patents

What is a patent?

A patent for an invention is the grant of a property right to the inventor, issued by the United States Patent and Trademark Office. Generally, the term of a new patent is 20 years from the date the patent application was filed, subject to the payment of maintenance fees. U.S. patents are effective only within the United States.

The right conferred by the patent is “the right to exclude others from making, using, offering for sale, or selling” the invention in the United States or “importing” the invention into the United States. A patent does not grant the right to make, use, offer for sale, sell or import, but only the right to exclude others from doing so.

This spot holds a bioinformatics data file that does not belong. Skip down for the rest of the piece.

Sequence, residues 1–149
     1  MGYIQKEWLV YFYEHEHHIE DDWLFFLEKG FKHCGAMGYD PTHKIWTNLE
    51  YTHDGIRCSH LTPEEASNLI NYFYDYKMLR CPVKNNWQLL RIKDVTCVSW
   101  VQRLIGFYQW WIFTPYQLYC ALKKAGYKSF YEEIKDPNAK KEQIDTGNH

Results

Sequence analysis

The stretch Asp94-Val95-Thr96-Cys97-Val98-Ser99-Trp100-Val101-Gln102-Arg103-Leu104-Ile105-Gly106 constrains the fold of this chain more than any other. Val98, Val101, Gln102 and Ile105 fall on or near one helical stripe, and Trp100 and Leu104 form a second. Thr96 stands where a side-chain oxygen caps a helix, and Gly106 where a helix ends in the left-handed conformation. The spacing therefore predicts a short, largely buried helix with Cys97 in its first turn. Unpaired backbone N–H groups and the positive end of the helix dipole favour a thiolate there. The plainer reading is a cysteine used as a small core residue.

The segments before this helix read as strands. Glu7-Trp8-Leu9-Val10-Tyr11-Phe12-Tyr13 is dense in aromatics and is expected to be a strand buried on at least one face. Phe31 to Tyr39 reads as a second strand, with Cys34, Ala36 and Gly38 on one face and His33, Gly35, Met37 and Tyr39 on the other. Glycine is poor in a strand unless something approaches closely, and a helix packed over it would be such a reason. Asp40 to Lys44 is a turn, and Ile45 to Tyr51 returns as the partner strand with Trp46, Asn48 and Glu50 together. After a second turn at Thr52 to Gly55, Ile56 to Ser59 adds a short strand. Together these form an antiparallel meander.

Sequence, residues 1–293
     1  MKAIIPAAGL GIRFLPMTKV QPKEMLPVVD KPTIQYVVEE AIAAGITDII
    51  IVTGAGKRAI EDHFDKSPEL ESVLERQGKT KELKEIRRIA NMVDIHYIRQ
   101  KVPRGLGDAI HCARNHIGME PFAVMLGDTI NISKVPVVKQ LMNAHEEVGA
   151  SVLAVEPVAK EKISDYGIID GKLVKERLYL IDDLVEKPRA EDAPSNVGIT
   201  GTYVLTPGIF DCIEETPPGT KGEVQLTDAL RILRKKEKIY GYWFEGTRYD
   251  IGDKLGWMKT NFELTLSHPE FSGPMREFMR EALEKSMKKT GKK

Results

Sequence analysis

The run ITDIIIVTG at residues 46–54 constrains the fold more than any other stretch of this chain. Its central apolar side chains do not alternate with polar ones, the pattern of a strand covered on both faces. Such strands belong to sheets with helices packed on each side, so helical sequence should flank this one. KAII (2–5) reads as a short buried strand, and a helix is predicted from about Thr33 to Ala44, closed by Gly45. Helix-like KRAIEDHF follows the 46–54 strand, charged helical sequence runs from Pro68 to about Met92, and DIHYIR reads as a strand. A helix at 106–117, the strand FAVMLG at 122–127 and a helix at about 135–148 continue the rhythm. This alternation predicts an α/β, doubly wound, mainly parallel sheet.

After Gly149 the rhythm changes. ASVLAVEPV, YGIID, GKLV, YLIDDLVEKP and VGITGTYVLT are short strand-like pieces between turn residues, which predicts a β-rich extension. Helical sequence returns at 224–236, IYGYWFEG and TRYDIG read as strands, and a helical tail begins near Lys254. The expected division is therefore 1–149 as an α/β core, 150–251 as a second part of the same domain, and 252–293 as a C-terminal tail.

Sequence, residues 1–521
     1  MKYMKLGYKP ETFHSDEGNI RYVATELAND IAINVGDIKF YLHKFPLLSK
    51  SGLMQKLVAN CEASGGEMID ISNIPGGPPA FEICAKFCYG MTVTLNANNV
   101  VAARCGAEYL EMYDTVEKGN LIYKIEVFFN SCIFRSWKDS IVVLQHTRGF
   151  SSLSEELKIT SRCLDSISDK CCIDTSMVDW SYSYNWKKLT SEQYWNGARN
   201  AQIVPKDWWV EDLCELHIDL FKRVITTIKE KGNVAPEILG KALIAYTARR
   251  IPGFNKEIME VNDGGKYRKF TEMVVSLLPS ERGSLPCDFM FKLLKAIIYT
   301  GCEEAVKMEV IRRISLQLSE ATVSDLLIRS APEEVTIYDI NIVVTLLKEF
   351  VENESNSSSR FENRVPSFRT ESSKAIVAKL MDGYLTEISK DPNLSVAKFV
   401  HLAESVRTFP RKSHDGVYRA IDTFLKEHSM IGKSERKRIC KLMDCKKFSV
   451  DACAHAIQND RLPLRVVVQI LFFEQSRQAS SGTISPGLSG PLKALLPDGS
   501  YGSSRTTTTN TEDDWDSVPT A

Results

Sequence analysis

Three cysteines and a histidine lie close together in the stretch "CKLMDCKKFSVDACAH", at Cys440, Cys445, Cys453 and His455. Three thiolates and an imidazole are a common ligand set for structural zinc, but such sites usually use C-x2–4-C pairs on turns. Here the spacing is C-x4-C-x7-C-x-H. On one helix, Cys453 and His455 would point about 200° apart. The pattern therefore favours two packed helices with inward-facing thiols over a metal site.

There are three types of patents:

1) Utility patents, which may be granted to anyone who invents or discovers any new and useful process, machine, article of manufacture, or composition of matter, or any new and useful improvement to these things;

2) Design patents, which may be granted to anyone who invents a new, original, and ornamental design for an article of manufacture; and

3) Plant patents, which may be granted to anyone who invents or discovers and asexually reproduces any distinct and new variety of plant.